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Before first presidential debate, allies debate stakes
WASHINGTON (Reuters) - Three days before the first presidential debate, allies of Barack Obama and Mitt Romney debated on Sunday how the encounter between the White House contenders will influence the U.S. election.
In typical straight-talking fashion, New Jersey Governor Chris Christie predicted fellow Republican Romney's performance at Wednesday's debate would alter the course of the campaign, weeks before the November 6 vote.
"This whole race is going to turn upside down come Thursday morning," Christie told CBS' "Face the Nation."
His comments strayed from the script of both campaigns, which have tried to play down their own candidate's chances at the debate in Denver and talk up their opponent, thus making it easier to claim victory or explain a defeat on Wednesday.
"I think what we need is a big and bold performance on Wednesday night, and that's what he's going to give us," Christie said of Romney on ABC's "This Week."
Romney comes into the first of three presidential debates with poor poll figures in important battleground states as he seeks to recover from a leaked video where the former private equity executive described nearly half of Americans as dependent upon government and who view themselves as victims.
"We've had some missteps, but at the end of the day the choice is really clear," Romney's vice presidential running mate Paul Ryan told "Fox News Sunday."
Ryan tried to lower the stakes for Romney's debate performance. "I don't think any one event is going to make or break this campaign," he said.
Obama departed for Nevada, where he will hunker down with aides in a "debate camp."
Obama was not focused only on scoring points or coming up with zingers to use against his rival, his advisers said.
"The president and Mitt Romney clearly view the debates as a very different opportunity. The President sees this as an opportunity to continue his conversation with the American people as he been doing over the last several months," campaign spokeswoman Jen Psaki told reporters on Air Force One.
GUARDING AGAINST COMPLACENCY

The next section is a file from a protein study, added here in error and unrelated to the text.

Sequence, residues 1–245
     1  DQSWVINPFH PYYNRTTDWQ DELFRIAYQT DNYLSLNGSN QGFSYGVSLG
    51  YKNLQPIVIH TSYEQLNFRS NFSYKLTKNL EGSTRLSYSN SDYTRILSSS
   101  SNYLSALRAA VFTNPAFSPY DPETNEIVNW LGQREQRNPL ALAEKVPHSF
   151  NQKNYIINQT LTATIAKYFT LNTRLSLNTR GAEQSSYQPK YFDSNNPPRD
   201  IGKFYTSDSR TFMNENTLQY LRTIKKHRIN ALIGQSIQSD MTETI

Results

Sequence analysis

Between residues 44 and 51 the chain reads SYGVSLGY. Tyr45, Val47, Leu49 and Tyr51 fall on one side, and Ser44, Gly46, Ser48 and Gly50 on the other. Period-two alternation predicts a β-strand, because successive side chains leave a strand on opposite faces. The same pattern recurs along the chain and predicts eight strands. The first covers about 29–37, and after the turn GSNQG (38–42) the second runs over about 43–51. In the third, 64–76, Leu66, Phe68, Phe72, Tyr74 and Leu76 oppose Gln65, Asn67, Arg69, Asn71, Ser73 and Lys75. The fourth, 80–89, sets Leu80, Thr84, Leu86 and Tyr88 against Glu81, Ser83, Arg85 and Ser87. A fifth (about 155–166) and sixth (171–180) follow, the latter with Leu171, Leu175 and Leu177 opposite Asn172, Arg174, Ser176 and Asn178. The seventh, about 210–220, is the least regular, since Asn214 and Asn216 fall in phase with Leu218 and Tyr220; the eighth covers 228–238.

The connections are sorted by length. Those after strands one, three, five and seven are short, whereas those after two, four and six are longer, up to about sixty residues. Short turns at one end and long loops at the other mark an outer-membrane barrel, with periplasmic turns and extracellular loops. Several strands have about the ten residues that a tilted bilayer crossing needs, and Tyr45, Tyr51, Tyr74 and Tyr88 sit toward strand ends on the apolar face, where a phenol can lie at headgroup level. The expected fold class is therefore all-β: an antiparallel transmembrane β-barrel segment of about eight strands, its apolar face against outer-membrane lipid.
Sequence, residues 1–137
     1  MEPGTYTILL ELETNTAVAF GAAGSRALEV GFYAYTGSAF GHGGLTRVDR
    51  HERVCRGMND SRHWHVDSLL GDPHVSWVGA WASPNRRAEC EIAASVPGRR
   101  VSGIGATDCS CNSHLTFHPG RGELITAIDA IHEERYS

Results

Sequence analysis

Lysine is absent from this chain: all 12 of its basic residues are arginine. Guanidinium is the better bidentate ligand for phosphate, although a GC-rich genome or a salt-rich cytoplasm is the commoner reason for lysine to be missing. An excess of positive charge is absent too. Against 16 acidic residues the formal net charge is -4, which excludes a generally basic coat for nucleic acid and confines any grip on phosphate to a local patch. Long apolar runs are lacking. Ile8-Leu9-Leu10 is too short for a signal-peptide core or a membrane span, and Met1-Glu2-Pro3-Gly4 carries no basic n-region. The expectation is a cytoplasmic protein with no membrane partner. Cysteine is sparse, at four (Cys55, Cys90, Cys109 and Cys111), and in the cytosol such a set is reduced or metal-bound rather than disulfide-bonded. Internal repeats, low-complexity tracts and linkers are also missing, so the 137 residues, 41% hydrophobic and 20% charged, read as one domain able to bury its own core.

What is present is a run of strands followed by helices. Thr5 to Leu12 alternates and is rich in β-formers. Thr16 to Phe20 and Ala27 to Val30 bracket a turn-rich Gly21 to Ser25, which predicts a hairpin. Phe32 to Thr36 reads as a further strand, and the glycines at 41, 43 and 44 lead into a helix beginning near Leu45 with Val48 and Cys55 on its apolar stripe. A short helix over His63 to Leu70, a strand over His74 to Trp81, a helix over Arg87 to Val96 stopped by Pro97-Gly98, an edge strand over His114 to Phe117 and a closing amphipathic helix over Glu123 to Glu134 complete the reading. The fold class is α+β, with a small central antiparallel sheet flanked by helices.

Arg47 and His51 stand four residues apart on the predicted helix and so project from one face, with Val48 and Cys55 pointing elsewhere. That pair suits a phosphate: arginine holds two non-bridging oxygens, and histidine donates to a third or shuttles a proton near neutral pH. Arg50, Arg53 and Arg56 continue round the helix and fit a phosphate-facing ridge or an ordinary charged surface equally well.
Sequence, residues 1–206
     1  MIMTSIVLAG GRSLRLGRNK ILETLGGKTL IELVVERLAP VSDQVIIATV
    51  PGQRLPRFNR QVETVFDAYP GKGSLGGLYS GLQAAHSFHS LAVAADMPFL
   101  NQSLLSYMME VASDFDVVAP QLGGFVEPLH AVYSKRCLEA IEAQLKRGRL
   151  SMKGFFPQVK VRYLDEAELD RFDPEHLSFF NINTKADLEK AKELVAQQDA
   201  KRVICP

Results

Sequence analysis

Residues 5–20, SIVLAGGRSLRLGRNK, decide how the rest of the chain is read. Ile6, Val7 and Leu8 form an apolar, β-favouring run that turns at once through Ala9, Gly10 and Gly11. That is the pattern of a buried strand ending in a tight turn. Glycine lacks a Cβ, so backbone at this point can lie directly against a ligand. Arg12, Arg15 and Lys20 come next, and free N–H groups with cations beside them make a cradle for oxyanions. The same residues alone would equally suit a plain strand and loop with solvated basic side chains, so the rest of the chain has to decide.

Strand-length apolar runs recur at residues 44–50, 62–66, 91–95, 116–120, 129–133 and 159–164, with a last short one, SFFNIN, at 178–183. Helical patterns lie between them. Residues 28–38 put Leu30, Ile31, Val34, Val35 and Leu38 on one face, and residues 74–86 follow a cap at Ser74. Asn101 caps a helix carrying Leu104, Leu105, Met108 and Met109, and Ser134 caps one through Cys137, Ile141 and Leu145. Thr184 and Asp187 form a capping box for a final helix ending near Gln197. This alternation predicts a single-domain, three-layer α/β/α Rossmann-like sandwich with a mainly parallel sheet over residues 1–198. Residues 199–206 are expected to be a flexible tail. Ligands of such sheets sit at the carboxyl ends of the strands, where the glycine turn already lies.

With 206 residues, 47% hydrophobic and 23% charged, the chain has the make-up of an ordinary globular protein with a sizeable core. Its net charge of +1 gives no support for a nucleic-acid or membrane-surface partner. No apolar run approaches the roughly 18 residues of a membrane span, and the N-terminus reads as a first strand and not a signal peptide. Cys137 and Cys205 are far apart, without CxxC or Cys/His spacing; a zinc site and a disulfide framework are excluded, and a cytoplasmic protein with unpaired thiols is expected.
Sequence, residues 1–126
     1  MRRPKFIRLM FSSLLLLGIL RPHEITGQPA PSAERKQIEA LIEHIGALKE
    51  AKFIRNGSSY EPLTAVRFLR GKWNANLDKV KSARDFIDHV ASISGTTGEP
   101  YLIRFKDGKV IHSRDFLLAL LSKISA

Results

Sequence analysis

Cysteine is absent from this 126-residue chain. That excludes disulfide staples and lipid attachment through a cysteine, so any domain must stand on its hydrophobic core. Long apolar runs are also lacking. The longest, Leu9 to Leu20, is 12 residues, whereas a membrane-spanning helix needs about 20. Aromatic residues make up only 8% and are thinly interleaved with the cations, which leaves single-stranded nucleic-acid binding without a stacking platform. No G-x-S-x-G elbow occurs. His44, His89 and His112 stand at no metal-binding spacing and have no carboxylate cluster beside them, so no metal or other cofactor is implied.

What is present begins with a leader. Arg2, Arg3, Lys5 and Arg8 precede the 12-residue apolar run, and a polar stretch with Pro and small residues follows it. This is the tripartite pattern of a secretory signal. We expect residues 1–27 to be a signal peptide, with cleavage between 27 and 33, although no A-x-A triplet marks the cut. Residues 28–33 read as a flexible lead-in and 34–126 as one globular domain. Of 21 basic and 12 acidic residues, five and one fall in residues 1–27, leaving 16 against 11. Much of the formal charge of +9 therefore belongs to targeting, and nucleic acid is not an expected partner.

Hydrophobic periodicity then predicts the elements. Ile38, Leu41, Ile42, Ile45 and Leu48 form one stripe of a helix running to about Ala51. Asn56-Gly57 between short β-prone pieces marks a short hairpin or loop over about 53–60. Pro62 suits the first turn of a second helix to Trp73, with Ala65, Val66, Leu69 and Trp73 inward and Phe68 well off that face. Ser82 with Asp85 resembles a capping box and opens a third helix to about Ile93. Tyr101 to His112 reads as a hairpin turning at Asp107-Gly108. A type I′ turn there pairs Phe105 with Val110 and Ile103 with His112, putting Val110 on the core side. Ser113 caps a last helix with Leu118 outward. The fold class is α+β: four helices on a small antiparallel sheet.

"He wants to speak directly to the families - the people who are on their couches at home, having snacks, drinking a beer, drinking soda, whatever it is, and tuning in for the first time - and that's who he's speaking directly to."
Obama was joined on Air Force One by White House adviser David Plouffe, campaign strategist David Axelrod, chief of staff Jack Lew, economic adviser Gene Sperling and speechwriter Jon Favreau.
The White House and Obama's campaign are guarding against complacency, with polls showing the Democrat ahead nationally by around 5 points, and much more in some swing states.
"We're not going to win battleground states by 10 or 12 points. This race is going to tighten.
"We've built a presidential campaign with a belief that it's going to come down to a few votes in a few states," Plouffe said on NBC's "Meet the Press."
Romney remained in Boston for private meetings, including debate preparation, at his campaign headquarters.
Not all of Romney's hours have been devoted to studying and sparring with his debate partner, U.S. Senator Rob Portman.
Romney attended a party Saturday evening at the Wellesley, Massachusetts, home of his finance chairman, Spencer Zwick.
With a stretched Hummer limousine blaring party music and several school buses parked outside the home, chants of "Mitt!" could be heard from within. Romney departs for Denver on Monday.
His wife, Ann, will campaign in Nevada and Ryan will embark on a bus tour of eastern Iowa on Monday.
Both are swing states, critical victories on the path to presidency.
(Additional reporting by Jeff Mason aboard Air Force One, Sam Youngman in Boston, Susan Cornwell and Bill Trott in Washington; editing by Alistair Bell and Todd Eastham)
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